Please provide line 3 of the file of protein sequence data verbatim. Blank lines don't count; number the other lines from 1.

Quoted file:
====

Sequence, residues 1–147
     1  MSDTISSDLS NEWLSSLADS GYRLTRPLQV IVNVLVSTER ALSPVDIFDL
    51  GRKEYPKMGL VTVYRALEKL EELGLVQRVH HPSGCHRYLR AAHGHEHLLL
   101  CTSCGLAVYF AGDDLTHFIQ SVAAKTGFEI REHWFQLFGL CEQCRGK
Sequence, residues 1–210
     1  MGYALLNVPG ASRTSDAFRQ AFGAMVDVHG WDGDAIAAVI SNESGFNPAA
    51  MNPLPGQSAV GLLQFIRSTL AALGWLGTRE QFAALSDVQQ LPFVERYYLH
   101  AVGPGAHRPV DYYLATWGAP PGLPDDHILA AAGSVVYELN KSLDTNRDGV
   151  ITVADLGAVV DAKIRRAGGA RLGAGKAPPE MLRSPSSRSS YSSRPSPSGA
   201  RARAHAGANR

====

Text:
    51  GRKEYPKMGL VTVYRALEKL EELGLVQRVH HPSGCHRYLR AAHGHEHLLL